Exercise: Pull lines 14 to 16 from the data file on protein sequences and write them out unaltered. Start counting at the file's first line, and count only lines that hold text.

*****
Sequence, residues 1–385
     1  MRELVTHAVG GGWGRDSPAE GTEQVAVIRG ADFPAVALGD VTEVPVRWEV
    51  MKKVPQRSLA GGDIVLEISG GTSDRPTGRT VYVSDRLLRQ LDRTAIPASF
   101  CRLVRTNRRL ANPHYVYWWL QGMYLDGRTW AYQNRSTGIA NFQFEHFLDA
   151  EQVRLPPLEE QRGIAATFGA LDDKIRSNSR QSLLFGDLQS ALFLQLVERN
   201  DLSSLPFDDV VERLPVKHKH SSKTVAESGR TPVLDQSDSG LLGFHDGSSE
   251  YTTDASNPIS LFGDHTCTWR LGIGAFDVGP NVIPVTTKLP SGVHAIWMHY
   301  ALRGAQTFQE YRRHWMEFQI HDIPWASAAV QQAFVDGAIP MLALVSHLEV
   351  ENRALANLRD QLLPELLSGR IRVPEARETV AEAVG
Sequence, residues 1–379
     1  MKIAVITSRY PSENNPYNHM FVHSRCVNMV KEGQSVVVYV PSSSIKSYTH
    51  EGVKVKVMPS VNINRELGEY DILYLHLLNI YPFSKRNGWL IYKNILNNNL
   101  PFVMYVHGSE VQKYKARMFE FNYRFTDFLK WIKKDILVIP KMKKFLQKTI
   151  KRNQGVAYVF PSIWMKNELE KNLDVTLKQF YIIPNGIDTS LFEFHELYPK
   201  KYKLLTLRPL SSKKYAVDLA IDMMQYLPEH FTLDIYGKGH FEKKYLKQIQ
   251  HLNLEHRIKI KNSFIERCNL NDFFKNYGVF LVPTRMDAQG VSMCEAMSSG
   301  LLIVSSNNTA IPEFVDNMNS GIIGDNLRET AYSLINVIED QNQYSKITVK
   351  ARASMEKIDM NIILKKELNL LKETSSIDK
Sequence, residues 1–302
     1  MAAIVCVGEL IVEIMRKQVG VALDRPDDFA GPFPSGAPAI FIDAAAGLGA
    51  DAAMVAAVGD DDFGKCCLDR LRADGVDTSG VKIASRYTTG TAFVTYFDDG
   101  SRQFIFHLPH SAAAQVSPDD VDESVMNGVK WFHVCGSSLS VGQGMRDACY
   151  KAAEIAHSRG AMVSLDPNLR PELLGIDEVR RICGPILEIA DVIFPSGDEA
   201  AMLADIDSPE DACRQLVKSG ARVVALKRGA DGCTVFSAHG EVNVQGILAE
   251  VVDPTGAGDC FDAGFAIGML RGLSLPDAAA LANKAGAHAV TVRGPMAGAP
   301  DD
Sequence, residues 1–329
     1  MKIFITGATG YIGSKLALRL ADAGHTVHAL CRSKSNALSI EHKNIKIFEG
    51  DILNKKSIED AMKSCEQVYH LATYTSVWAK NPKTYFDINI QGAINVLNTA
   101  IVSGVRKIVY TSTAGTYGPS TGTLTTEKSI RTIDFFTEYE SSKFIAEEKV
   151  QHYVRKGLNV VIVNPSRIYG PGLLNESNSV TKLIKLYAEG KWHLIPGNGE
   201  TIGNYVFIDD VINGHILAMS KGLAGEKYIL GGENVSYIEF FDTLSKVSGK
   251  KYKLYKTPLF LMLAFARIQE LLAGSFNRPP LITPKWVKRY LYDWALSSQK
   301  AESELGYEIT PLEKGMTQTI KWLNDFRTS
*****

   151  KRNQGVAYVF PSIWMKNELE KNLDVTLKQF YIIPNGIDTS LFEFHELYPK
   201  KYKLLTLRPL SSKKYAVDLA IDMMQYLPEH FTLDIYGKGH FEKKYLKQIQ
   251  HLNLEHRIKI KNSFIERCNL NDFFKNYGVF LVPTRMDAQG VSMCEAMSSG